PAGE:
Never since it began has Alcoholics Anonymous been divided by a major controversial issue. Nor has our Fellowship ever publicly taken sides on any question in an embattled world. This, however, has been no earned virtue. It could almost be said that we were born with it. . . . “So long as we don’t argue these matters privately, it’s a cinch we never shall publicly.” ~TWELVE STEPS AND TWELVE TRADITIONS, p. 176
Do I remember that I have a right to my opinion but that others don’t have to share it? That’s the spirit of “Live and Let Live.” The Serenity Prayer reminds me, with God’s help, to “Accept the things I cannot change.” Am I still trying to change others? When it comes to “Courage to change the things I can,” do I remember that my opinions are mine, and yours are yours? Am I still afraid to be me? When it comes to “Wisdom to know the difference,” do I remember that my opinions come from my experience? If I have a know-it-all attitude, aren’t I being deliberately controversial?
Since recovery from alcoholism is life itself to us, it is imperative that we preserve in full strength our means of survival. ~TWELVE STEPS AND TWELVE TRADITIONS, p. 177
The honesty expressed by the members of A.A. in meetings has the power to open my mind. Nothing can block the flow of energy that honesty carries with it. The only obstacle to this flow of energy is inebriation, but even then, no one will find a closed door if he or she has left and chooses to return. Once he or she has received the gift of sobriety, each A.A. member is challenged on a daily basis to accept a program of honesty.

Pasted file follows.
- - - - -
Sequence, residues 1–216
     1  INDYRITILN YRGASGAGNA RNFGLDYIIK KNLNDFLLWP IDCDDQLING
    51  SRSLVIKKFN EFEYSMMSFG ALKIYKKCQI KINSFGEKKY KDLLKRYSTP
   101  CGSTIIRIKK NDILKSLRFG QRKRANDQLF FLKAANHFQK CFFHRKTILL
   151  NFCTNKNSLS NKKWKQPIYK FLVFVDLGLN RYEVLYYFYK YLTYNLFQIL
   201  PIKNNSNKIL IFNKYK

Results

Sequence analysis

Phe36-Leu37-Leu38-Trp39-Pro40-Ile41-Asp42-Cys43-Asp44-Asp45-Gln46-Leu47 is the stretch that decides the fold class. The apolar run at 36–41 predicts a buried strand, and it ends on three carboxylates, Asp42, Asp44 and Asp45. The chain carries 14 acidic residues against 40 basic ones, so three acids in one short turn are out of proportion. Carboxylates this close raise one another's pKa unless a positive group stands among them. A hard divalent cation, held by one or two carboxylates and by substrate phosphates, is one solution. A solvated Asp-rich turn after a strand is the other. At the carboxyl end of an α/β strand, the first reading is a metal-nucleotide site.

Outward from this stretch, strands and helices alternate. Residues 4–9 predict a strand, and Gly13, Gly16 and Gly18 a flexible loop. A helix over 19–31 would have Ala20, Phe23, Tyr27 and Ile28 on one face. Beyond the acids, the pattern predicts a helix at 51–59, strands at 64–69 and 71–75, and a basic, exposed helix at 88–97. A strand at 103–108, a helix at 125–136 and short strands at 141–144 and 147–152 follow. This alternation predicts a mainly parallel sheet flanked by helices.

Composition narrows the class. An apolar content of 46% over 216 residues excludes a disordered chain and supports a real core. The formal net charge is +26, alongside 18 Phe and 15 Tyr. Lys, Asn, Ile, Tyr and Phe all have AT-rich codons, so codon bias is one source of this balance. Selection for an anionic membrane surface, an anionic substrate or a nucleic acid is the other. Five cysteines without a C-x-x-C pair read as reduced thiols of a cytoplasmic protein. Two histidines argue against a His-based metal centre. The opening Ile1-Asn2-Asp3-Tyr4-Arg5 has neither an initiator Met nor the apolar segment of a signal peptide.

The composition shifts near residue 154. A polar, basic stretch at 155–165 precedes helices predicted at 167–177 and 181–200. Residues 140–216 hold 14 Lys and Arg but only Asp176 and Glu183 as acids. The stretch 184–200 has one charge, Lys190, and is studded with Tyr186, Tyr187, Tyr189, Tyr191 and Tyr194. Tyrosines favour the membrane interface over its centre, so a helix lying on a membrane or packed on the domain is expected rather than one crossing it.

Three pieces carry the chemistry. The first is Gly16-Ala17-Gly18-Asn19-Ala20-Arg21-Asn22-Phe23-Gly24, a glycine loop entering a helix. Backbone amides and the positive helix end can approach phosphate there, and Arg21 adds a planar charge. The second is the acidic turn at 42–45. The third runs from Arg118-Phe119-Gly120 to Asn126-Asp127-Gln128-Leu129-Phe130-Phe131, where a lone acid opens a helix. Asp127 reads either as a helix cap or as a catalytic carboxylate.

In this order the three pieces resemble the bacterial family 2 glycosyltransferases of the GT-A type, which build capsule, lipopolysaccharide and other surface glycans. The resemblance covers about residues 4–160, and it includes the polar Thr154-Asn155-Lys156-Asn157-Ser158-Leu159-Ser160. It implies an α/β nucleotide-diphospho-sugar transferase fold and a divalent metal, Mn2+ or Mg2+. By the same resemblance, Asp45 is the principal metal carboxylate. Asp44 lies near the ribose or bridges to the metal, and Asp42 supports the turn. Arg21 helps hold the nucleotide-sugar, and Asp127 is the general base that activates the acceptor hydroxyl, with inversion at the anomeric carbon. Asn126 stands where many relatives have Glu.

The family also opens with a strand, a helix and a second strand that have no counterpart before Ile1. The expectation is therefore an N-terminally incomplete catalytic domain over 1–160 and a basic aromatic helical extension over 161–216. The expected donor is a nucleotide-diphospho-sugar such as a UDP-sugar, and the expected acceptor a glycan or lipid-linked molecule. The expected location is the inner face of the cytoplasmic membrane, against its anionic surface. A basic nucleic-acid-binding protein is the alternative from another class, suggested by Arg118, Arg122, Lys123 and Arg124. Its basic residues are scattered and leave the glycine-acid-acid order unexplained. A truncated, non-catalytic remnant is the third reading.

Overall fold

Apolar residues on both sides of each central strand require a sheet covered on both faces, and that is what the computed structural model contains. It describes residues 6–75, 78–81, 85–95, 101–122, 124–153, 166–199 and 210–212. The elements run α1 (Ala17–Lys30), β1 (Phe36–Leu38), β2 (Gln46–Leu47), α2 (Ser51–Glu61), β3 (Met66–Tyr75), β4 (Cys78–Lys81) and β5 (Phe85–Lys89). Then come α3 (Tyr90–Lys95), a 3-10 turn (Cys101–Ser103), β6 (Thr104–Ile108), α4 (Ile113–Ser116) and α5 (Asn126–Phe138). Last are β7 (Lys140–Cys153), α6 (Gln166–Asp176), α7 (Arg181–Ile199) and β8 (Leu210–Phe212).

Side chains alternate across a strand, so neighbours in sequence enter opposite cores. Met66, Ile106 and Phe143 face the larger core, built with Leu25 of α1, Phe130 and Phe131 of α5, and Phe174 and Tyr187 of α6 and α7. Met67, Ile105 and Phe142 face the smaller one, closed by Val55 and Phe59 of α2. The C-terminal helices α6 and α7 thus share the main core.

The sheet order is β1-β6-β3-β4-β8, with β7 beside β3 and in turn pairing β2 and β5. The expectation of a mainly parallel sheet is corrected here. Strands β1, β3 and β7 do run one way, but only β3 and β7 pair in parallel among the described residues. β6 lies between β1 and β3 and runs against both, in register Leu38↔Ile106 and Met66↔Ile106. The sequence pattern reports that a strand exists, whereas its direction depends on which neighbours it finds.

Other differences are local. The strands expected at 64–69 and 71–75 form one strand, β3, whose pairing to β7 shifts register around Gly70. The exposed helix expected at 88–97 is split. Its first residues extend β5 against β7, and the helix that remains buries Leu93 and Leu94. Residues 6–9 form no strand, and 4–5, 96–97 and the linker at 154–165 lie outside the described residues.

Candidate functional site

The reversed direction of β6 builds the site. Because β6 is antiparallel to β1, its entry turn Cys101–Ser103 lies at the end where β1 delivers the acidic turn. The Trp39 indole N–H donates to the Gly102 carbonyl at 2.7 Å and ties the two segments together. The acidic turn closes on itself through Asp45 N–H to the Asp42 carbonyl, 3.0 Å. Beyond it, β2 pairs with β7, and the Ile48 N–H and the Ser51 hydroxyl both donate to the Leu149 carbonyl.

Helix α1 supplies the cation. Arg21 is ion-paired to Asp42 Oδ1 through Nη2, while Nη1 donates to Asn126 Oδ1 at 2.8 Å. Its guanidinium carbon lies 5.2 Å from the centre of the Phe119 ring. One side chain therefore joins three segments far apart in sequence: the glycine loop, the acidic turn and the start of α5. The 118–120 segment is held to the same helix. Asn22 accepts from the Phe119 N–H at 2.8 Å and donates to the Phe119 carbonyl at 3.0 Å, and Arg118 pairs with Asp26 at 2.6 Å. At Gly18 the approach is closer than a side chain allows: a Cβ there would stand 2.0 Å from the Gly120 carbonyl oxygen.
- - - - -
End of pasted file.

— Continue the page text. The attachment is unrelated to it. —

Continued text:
My Higher Power created me for a purpose in life. I ask him to accept my honest efforts to continue on my journey in the spiritual way of life. I call on Him for strength to know and seek His will.
The only thing that matters is that he is an alcoholic who has found a key to sobriety. These legacies of suffering and of recovery are easily passed among alcoholics, one to the other. This is our gift from God, and its bestowal upon others like us is the one aim that today animates A.A.’s all around the globe. ~TWELVE STEPS AND TWELVE TRADITIONS, p. 151
The strength of Alcoholics Anonymous lies in the desire of each member and of each group around the world to share with other alcoholics their suffering and the steps taken to gain, and maintain, recovery. By keeping a conscious contact with my Higher Power, I make sure that I always nurture my desire to help other alcoholics, thus insuring the continuity of the wonderful fraternity of Alcoholics Anonymous.